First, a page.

Last week, I had the opportunity to speak to three very different groups in the Washington, D.C. area about the importance of translation in society. The message I delivered was the same, but as with every talk, the messages I receive back from participants always seem of equal if not superior value.
For the first event, I was an invited guest speaker at the Embassy of France, at an event organized by the Harvard Business School club of D.C., sponsored by Moët (yes, the champagne people). The tickets sold out, and it was a full house. The audience included a mixture of people, but very few were from the translation industry. Most were businesspeople and other professionals. I also asked for a show of hands from translators and interpreters in the audience, after which the audience was directed to give that handful of individuals a well-deserved round of applause.
What struck me about this event was the fact that so many people were interested in translation, even though they don’t work in this field. There were physicians, attorneys, CEOs, and many others in the Embassy that night. A surprising number of people came up to me afterward to say things like, “I never really thought about translation this way before.” That’s exactly the impact I hope for when speaking to an audience of people who are involved in business and other professions. The message I received? People are willing to respect translation, but we need to first open their eyes to how expansive and important translation in society really is.
At a talk the following day, I spoke to a group of students at Towson University. Most of the students were from foreign language programs, although some came from other disciplines, such as history. In contrast to the business and professional folks I had spoken with the night before, most of these students had questions related to the job itself. They wanted to know things like, “What type of interpreting do you enjoy most?” and “How much do translators charge?” They also wondered why, if this industry is so large, there are still so many mistranslations. And, they asked many questions about translation technology, which I was delighted to answer, in order to show them the days of quill pens and scrolls are long gone.
It was a bright group of students, and I’d venture to guess that some of them will be considering translation and interpreting as a profession as a result of the discussion. From them, the message I received was that they, like all young people, want to enter a profession that is tech-savvy and diverse enough to allow them to pursue their varied interests, but they also want work that is meaningful and fulfilling. The professions of translation and interpreting most certainly offer them that.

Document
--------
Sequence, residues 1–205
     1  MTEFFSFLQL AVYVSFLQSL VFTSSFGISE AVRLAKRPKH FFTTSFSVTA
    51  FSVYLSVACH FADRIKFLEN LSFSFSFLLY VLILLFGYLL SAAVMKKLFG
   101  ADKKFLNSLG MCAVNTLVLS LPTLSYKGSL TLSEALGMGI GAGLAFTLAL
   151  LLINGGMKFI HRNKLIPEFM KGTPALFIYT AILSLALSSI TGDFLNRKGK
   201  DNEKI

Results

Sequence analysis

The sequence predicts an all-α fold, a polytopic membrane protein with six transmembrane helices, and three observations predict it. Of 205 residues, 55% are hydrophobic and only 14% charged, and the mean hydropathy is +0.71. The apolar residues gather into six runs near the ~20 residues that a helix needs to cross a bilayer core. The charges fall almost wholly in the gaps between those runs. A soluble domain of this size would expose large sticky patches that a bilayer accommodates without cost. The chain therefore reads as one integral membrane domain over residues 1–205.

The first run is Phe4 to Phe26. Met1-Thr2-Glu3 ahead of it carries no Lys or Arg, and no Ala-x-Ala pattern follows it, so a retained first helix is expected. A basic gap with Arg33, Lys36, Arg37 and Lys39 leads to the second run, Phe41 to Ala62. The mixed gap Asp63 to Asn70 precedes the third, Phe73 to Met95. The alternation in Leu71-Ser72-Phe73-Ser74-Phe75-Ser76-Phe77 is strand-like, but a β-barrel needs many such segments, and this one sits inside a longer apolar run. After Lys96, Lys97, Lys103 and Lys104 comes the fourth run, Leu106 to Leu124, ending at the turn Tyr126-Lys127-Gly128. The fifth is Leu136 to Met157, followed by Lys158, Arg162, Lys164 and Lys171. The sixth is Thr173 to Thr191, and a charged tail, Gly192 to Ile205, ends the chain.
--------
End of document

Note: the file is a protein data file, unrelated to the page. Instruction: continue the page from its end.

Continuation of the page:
But the third group I addressed was by far the most memorable. I was invited to speak at Gallaudet University, a place I had dreamed of visiting for many years. Gallaudet was chartered by President Abraham Lincoln nearly 150 years ago, in 1864. It’s the only higher education institution in the world designed specifically for deaf and hard of hearing students. Very few of the students are hearing, although some do participate in specific programs, especially the degree programs in American Sign Language (ASL) interpreting.
What this means in actual practice is that, as a hearing person, when you first arrive on campus, you immediately notice how quiet it is. When classes get out and students flood the hallways, instead of the typical noise of loud voices all talking on top of each other in an auditory muddle, you see hands flying, people looking into each other’s eyes, and communicating animatedly in a visual flurry while they walk. I was amazed. Everywhere I went, ASL was used – English was scarcely heard. Even the waitress at the campus bistro took my lunch order in ASL. I communicated through interpreters whenever interacting with staff or students. I felt that I had entered another universe, one in which I, as a hearing person, was in the minority. I was grateful for that experience, because I could more acutely see that on the outside, the reverse is true – and that the people on that campus are regularly excluded from mainstream society, largely due to communication barriers.
When it came time for me to give my talk, I was asked if a recording would be allowed, and I gave permission. However, it was clear that I was an outsider when I naively asked my host if I was standing close enough to the microphone, assuming that there was one in the room. While my question was reasonable in most other circumstances, obviously, given the audience, the audio would not be necessary for the recording. I had two professional ASL interpreters who took turns interpreting my talk, including the Q&A session that followed. And, even though I felt like an outsider, in the introduction, I was welcomed by my host with the words, “She is part of our family.” Interestingly, this was not because of my interpreting background, but because my brother works at a school for the Deaf and is fluent in ASL.
The message I took away from Gallaudet? While we might all work in the same field of language access, our distinct professional communities can be very separate at times. We come from different places when we think, write, speak, and sign about language issues. It was a wake-up call to experience this firsthand.
And speaking of hands, the more we have on deck out there to spread the message of why translation matters, the less likely we are to miss out on chances to join – or create – a broader conversation about how our industry connects the world. In my short two-day trip, I shared a message about translation and its importance with three very diverse groups of people. But perhaps more importantly, I received distinct viewpoints back about why this industry matters, hearing lots of voices – and seeing many hands that I won’t soon forget.